What could the dynamic E-ink keyboard mean?

Article

This Dynamic E-Ink Keyboard Needs To Become A Real Thing | Gizmodo Australia

My Comments

There have been many attempts and prototypes put forward in relation to a computer keyboard that uses dynamic labelling but a lot of these attempts yielded extremely-expensive implementaions.

Why bring about a keyboard with dynamically-labelled keys? One application would be to allow a user to implement a language-specific keyboard layout without having to rely on confusing labelling. Think of a German-speaking user who wants to implement the “QWERTZ” layout or a French-speaking user who wants the “AZERTY” layout, let alone keyboard layouts for the Hebrew, Japanese or other languages that don’t use Latin scripts.

Similarly, you could see implementations like “function key” grids that have keys labelled according to the program or situation. The obvious applications could include CAD/CAM/computer graphics with one touch access to often used commands and shapes; retail / hospitality POS with one-touch access to products and transaction types; let alone hardcore gamers wanting keyboards where they can “drop” actions to gain an upper-hand on their opponents.

For that matter, there could be one keyboard design for accessory keyboards that can be sold around the world, able to be connected to a Windows / Linux or Macintosh computer and showing the layout for the country that it is used in. Similarly a laptop manufacturer could show up with a keyboard that implements a keyboard layout that is particular to a user’s language.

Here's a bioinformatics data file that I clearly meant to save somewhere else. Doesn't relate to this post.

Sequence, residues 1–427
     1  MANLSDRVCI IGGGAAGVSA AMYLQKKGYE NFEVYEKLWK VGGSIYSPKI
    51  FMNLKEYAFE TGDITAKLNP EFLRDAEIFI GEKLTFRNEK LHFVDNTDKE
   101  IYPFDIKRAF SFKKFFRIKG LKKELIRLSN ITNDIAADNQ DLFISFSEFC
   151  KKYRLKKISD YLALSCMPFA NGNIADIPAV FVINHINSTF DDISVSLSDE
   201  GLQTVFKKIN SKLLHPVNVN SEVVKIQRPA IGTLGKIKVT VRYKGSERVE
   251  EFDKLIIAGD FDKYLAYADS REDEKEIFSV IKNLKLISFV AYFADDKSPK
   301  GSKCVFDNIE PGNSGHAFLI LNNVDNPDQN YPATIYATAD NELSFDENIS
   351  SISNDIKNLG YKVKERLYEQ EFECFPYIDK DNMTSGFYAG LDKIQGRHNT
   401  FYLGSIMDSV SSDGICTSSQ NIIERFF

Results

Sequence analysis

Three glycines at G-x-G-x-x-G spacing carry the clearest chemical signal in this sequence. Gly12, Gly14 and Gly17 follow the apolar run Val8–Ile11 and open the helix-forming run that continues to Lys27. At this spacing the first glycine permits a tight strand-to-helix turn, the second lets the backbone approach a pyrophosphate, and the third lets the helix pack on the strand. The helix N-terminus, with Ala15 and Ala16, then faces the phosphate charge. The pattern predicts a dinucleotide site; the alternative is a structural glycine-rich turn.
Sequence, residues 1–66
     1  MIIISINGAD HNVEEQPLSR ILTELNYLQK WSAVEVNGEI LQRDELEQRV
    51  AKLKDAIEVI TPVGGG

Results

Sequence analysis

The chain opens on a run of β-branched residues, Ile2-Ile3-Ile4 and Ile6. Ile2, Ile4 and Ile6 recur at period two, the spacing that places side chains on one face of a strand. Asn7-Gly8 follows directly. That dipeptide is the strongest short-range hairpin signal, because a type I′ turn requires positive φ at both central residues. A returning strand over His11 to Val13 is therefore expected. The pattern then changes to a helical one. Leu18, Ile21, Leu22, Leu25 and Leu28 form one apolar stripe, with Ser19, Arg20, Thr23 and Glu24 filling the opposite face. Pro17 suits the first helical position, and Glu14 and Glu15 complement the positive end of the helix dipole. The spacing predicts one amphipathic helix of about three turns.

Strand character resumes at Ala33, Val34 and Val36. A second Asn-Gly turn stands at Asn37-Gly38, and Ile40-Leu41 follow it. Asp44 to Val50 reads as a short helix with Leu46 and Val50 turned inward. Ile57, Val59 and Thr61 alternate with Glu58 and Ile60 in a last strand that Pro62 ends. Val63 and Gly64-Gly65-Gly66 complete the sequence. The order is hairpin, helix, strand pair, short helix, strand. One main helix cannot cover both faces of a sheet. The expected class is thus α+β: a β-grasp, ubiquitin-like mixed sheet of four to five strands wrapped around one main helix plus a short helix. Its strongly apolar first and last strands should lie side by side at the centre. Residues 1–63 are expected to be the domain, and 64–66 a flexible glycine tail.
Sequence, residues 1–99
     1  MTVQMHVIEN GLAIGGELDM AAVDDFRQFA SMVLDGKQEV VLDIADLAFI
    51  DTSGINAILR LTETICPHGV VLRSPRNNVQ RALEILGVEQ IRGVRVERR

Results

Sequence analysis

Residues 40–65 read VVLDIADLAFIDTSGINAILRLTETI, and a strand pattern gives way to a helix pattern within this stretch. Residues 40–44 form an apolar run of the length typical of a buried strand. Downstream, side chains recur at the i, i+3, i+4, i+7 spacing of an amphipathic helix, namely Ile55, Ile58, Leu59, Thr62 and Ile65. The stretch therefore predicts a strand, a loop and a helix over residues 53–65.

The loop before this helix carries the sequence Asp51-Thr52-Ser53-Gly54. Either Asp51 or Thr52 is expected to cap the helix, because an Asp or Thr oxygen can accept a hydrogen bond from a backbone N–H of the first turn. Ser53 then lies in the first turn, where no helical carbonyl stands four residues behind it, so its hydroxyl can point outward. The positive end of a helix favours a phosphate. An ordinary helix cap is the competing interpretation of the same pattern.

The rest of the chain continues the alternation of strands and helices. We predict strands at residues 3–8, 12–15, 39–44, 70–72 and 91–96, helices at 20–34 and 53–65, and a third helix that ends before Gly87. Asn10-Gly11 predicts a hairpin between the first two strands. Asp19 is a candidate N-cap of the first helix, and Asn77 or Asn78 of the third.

Here, the proposed keyboards would use the E-ink technology that is used in the Amazon Kindle or other e-book readers. This technology would avoid extra layers and the need to keep refreshing the display area. Instead the E-ink’s weaknesses concerning animation may not be of concern for this application and allow for a cheaply-produced dynamically-labeled keyboard or keypad.

Of course, the USB and Bluetooth “human-interface-device” logical device classes would need to be updated to support dynamic labelling for keyboards and the operating systems would need to implement this as part of their class drivers for this device class. Initially we could see manufacturers implementing this function with device drivers and other manufacturer-specific software but there needs to be the action to implement this concept as a device class.

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